With the various options in approaching a bathroom remodeling project, one of the most common decisions is whether you really want to part with your cast iron tub. Your tub may in good shape and do not feel the need to go to the hassle to remove it OR it could just bring that old school character to the room that simply just needs to be there… Let’s face the facts – Cast Iron bathtubs are not made the way they used to be so in many situations, a new tub is not an upgrade when durability is at stake.
If you desire new tile walls with a refinished bathtub then there are a few steps to take with proper scheduling. If time is of the essence, you may be better off hiring a Remodeling Contractor that is well versed in both plumbing and tile work to keep from scheduling too many contractors for such a small project. Doing this backwards can create many headaches so here is the rundown.
Demolition of the shower walls should obviously happen first and then followed by installation of new shower valves in the wet wall. If you’re tub needs a new drain assembly and overflow kit (which is best practice) then all plumbing hookups should be completed on the front side.
Preparation of walls with tile board and waterproofing products will happen next. Whichever products are used for boarding and waterproofing should be sealed down to the tub rails to prevent leakage at the seams. Noble Sealant 150 is a product used with a caulking gun where a bead can be applied on the tub rail and then the board can be set directly on top for an initial seal. A final bead can be used on the joint so you have a double seal at the tub/wall joint before tile is installed. Noble Sealant is very sticky so it’s best to use masking tape for a straight and clean caulk joint.
After the walls are prepared, then tile and grouting procedures will commence. Since the tub is being refinished, protection is not crucial but it’s still a good idea to use some drop clothes or other products to protect the tub from a dropped tile or getting it too messy with mortar or grout.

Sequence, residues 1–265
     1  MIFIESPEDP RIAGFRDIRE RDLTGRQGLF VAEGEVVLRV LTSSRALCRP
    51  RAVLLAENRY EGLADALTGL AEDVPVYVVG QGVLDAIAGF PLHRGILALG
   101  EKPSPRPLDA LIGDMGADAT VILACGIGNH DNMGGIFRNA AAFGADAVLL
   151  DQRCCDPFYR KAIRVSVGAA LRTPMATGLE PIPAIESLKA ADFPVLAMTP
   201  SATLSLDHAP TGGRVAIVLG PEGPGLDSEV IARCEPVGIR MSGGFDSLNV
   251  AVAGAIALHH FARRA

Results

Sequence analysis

If you’re having your tub refinished directly after tile installation then the bottom joint should not be grouted or sealed with any type of silicone. This way the tub refinisher can get his spray coatings in behind the tile gap. Not to worry… A refinisher will tarp off all the new tile so no over spray will stick on your new tile. After refinishing is complete the final sealing of the tub wall joint can be done.
If you need to use the shower before the refinisher is scheduled (sometimes with on bathroom, you may need a break and to have your shower usable before the final phase is complete) then you’d obviously need to have the tub/wall joint sealed. Keeping in mind that paint will not stick to silicone, you will need to use a product like PolySeamSeal caulking. PolySeamSeal is a urethane based caulking that is paintable and will prevent mold growth better than 100% silicone. After the refinishing coats are complete, a finish bead of sealant can be applied over top of the new work.
When the new tub coatings are cured, all final hookups of shower handles, drain shoes, overflow plates etc… can be mounted. It’s important to be careful when working around these new bathtub coatings so that scratching or damage does not occur.